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Network community! I'd love to know: What books have you been reading lately? What books are you hoping to read? 

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I've been doing a lot of re-reading. During this "Coronatide," it felt like too much for my brain to read a new book, even when I thought I'd like it. I've started to read some new ones now, though.

Recently I read, along with the Calvin Book Club and my own local book club, The Other Wes Moore. It was good, written by a man named Wes Moore, who discovered there was another man named Wes Moore who had grown up in a nearby, very similar neighborhood -- in Baltimore, mostly Black & underprivileged -- and he (the author) became a lawyer, successful in the military, a leader and speaker while "the other Wes Moore" ended up in jail because of his participation in a burglary that included a murder. Moore explores their lives and it prompts a lot of thinking about what can truly help people to get through the difficult journey of life.

I re-read Room With a View by E.M. Forster and also re-watched the movie based on it (same name). Just delightful. Beautiful words, beautiful scenery, lighthearted & lovely story. 

I am now re-reading The Palliser Novels by Anthony Trollope. Old fashioned British novels. Classic.

Our next book club book (my local book club) choice is The Murmur of Bees by Sofia Segovia. I'm looking forward to starting that soon. The back of the book says, "From the day that old Nena Reja found a baby abandoned under a bridge, the life of a small Mexican town forever changed." It is "set against the backdrop of the Mexican Revolution and the devastating influenza of 1918." Sounds intriguing and timely.

I'm interested in hearing what others are reading!

(I write about my reading and other stuff in my blog,

    "A name for Herself"   ........... K.A. Van Til

 Interesting ,true story about a Dutch immigrants life and struggles.

"God Walk" by Mark Buchanan

"Revelation For Everyone" by N.T. Wright

""Faith for Exiles" by David Kinnaman and Mark Matlock


"Land of Hope: An Invitation to the Great American Story"  Wilfred M McClay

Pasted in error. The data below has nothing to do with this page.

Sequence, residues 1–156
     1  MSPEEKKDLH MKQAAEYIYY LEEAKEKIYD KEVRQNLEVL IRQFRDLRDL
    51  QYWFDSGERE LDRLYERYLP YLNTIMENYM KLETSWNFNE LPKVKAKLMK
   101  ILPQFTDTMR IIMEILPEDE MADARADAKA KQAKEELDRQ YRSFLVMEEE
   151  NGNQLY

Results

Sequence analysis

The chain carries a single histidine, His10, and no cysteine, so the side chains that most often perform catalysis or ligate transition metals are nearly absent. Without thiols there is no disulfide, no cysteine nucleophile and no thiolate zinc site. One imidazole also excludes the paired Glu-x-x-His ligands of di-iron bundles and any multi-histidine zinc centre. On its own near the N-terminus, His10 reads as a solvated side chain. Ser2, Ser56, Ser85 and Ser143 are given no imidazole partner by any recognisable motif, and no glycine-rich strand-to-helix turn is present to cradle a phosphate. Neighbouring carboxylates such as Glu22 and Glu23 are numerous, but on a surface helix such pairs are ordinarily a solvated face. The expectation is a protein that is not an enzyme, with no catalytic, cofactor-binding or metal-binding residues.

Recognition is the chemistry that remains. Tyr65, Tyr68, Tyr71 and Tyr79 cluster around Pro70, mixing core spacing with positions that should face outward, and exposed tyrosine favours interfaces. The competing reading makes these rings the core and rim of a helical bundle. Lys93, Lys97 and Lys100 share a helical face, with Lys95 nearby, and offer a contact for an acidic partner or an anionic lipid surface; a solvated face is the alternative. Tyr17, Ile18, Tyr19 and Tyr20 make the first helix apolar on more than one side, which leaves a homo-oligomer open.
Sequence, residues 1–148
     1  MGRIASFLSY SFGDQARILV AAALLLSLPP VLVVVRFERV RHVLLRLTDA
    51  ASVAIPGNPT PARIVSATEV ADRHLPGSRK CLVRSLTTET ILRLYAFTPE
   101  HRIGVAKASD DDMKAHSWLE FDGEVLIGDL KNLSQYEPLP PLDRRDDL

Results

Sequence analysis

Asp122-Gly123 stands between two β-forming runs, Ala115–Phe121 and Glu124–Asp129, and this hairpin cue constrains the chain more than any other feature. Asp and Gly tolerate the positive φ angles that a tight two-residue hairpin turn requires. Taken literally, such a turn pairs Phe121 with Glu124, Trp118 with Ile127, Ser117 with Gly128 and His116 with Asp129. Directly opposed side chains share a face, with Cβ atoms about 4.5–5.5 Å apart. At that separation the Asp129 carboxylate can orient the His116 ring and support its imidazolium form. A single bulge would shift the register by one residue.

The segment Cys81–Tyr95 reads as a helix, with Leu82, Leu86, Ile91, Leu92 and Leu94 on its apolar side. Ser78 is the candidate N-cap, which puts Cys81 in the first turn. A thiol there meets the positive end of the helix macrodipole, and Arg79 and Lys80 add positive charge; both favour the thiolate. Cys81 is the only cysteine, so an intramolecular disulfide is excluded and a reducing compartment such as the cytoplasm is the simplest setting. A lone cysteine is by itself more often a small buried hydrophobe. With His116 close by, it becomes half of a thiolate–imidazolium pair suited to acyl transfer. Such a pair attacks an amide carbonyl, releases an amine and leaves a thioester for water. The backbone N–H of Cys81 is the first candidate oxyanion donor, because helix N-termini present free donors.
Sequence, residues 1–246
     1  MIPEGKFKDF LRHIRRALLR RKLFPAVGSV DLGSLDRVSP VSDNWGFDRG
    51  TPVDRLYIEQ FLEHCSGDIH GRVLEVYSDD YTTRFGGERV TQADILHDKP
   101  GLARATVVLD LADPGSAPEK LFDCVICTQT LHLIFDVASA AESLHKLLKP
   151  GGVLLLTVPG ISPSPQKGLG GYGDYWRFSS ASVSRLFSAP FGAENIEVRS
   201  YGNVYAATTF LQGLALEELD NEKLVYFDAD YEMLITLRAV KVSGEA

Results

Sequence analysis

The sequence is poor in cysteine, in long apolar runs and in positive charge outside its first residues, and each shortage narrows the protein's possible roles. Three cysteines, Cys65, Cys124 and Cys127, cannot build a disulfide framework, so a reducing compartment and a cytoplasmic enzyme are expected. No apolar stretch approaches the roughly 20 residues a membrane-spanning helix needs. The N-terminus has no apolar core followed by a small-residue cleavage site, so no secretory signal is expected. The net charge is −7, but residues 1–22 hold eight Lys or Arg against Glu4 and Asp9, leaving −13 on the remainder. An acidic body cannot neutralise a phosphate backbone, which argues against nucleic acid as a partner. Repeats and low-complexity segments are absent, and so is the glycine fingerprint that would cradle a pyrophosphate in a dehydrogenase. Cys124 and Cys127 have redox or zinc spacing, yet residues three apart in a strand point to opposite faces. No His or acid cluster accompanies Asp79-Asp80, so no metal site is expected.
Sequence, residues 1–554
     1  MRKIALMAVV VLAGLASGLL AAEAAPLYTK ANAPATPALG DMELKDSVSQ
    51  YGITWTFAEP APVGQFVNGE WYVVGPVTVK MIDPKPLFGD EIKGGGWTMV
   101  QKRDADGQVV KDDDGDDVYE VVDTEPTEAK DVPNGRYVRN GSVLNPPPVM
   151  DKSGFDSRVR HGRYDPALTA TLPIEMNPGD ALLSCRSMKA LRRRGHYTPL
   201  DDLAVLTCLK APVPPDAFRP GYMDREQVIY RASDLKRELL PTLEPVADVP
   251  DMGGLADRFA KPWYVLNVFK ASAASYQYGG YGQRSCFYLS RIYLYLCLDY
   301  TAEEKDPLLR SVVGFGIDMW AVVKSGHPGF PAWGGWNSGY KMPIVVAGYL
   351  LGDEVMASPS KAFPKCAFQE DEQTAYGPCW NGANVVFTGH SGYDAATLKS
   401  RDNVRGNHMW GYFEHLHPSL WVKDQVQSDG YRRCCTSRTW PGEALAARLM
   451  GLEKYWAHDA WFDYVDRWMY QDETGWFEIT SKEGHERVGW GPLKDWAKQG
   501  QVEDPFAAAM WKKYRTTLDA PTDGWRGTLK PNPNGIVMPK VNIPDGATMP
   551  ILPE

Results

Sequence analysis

"The Splendid and the Vile"  Erik Larson

We have so much to learn about the current state of our technology and race relations in church and society!

"The Age of Surveillance Capitalism: The Fight for a Human Future at the New Frontier of Power" by Shoshana Zuboff.

"We Need to Talk about Race: Understanding the Black Experience in White Majority Churches" by Ben Lindsay.

"Reading While Black: African American Biblical Interpretation as an Exercise in Hope" by Esau McCaulley.

"Becoming the Gospel: Paul, Participation, and Mission" by Michael J. Gorman.

"The Christian Imagination: Theology and the Origins of Race" by Willie James Jennings.

I've just finished rereading Marilynne Robinson's novels "Gilead", "Home" and "Lila" in anticipation of her newly released book, "Jack".  
I've also been enjoying a number of books by Erik Larson and S.D. Smith.  

The fiction book club that meets at my church finished "Mila 18" by Leon Uris. We were going to read "Joy in the Morning" (also known as "Jeeves in the Morning" by P.G. Wodehouse, but the library has insufficient copies, so we are all reading different books from the Jeeves series.


My morning book club with some local guys (mostly CRC) is reading "A Light to the Nations: The Missional Church and the Biblical Story" by Michael Goheen. I've enjoyed it tremendously, and it gave me an idea for a sermon I am preaching later this month.


Another morning book club with local friends is reading Ibrem Kendi's "How to Be an Antiracist." I also highly recommend this one.


My theological/philosophical book group just finished "The Cambridge History of Philosophy in the 19th Century" and is now moving to "Creative Minds in Contemporary Theology" by by Philip Edgcumbe Hughes. Probably not most people's cup of tea, but the books in this group have been very important in helping keep me thinking and engaging the mind.


On a lighter note, I just finished "Cutting for Stone" by Abram Verghese and enjoyed it very much. I have moved next to "Unaccustomed Earth" by Jhumpa Lahiri, which is book of short stories. If you like Lahiri's novels, these stories will be up your alley. I always have a sci-fi book on hand when my brain needs a rest, and I am reading "Now, Then, and Everywhen" by Rys Walker, and it is a fun read.


A more difficult piece of fiction is "The Kindly Ones" by Jonathan Littell, which tells the story of World War II from the perspective of an SS officer and explores how a person can sink to the depths of evil required to serve the Nazi regime. I'm about a third of the way through and thankful my library allows me to renew books remotely, as I can take only so much at a time, and yet it is a worthwhile read. 


I've got several more going and a pile next to my chair waiting to start...yes I have a problem. I remember being a kid and gazing up at my parents' shelves and asking my dad if he had read all those books, and him telling me, "No, most will wait for retirement." Clearly bookaholism is genetic. :-) Retirement is still more than a decade away for me, d.v., but I know what I'll be doing then!




Inspired by Rachel Held Evans
What made Jesus Mad by Tim Harlow
A Gentle Answer by Scott Sauls
Prayer, Does It Make any Difference. by Philip Yancy
Jasmin by Jan Truss
Whispers From The Camps by Kathy Kacer & Shron E.McKay
Watching The Tree Limbs & Wishing on Dandelions by Mary E. DeMuth

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